If you’ve barred pets from your properties, it could be hurting your retention.  

There are ways in your lease to protect yourself by spelling out specifically what is and what is not allowed in your property.  If a prospective resident wants to have pets in their properties, you can also include an extra deposit on the property and make that deposit non-refundable.  That is price for the resident of having a pet, and it allows you a whole new avenue to getting your property and keeping your property occupied.

3) Give Them Room to Grow

We’re not just talking about children. We just mean stuff! Children can be part of that equation, but honestly, people just have stuff. We accumulate things over time, and in many cases, rental properties don’t tend to have a ton of extra wiggle room. One of the first things tenants and homebuyers alike look for in a property is storage space.

Ask yourself: do your properties have enough of it? Older properties especially might have tiny, inadequate closets. Look into what storage solutions you can add to your property: built-in shelving, a shed out back, expanded closet space, better cabinetry...there are many options available to you.

4) Prioritize Safety

People that don’t feel safe don’t tend to stick around. As real estate investors, we have to consider both internal and external environmental factors. External factors come first: these involve the location of your property. The neighborhood, the demographics, the crime rate. It’s the environment that your property is in. The outside factors and influences surrounding the property.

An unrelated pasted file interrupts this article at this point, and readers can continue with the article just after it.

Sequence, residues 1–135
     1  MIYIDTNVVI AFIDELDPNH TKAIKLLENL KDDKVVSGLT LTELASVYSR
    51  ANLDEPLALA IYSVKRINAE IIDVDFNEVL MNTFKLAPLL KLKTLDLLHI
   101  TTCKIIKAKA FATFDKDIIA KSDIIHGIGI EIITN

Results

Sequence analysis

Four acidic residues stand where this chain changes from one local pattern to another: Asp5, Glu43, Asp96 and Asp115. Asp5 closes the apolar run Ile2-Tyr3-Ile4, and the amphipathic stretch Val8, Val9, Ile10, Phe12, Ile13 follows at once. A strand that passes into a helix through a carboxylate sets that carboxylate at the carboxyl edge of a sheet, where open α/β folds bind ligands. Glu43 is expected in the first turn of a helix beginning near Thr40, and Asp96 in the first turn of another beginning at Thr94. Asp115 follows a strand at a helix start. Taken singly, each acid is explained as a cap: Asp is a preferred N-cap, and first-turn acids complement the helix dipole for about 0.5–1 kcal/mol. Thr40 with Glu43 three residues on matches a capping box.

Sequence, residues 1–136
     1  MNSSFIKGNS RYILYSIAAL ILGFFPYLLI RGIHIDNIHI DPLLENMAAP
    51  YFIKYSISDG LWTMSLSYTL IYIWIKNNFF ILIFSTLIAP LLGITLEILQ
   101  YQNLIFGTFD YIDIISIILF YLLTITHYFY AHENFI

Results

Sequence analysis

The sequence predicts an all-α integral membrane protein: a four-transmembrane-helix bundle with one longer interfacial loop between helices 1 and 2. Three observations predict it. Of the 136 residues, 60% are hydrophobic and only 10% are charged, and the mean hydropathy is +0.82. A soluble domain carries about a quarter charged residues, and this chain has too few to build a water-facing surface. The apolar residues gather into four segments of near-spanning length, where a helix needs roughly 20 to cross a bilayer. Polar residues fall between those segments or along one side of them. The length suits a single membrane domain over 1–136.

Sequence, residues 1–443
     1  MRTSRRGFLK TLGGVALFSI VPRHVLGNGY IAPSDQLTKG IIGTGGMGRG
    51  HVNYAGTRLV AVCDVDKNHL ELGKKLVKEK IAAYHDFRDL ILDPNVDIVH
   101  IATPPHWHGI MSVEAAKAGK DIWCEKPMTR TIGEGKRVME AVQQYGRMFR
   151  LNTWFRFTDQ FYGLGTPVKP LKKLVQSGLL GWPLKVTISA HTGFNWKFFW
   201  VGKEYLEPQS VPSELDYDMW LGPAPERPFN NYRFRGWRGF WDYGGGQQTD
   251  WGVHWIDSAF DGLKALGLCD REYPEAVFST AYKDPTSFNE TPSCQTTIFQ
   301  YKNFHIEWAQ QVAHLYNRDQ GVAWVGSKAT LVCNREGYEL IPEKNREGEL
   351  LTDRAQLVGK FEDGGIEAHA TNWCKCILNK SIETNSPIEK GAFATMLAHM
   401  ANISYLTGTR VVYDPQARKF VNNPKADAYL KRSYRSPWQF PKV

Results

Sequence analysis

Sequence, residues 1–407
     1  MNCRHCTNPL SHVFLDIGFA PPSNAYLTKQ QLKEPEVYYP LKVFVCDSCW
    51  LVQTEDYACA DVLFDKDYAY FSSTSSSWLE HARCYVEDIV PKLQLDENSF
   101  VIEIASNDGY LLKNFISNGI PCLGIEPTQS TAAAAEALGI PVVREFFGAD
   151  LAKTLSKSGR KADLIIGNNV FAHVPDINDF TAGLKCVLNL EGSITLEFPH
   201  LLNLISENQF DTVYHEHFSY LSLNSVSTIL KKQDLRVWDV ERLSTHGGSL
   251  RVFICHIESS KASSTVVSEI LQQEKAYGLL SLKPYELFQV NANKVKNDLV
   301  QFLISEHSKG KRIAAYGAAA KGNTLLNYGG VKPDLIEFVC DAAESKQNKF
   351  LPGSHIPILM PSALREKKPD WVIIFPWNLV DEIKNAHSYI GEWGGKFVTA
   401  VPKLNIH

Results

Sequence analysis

Do your tenants feel safe when they step outside?

The internal factors are the opposite. Do they feel safe inside of your rental property? In their own home?

You have an enormous ability to control this from the outset: by picking properties that are in reputable, safe neighborhoods and by providing security measures for your tenants. That includes adequate outdoor lighting, solid doors, locks, and deadbolts, smoke and carbon monoxide detectors, and even security alarms in the case of a break in.

5) Hire Good Management

Make sure that your tenants are being taken care of and listened to. Tenants that don’t leave because of the property leave because they aren’t being treated well. Make sure that your customer service is at the top of their game and that issues are being addressed in a timely manner.

If you pay attention to the things that attract long-term tenants, you can drastically reduce tenant turnover and maximize your earning potential in real estate investment!

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Chris Clothier
Written by Chris Clothier

Entrepreneur, writer, speaker, ultra-endurance athlete, husband & father of five beautiful children. Chris puts these natural talents on display every day. As a partner at REI Nation, Chris addresses small and large audiences of real estate investors and business professionals nationwide several times each year. Chris is also an active writer, weekly publishing real estate, leadership, and endurance training articles.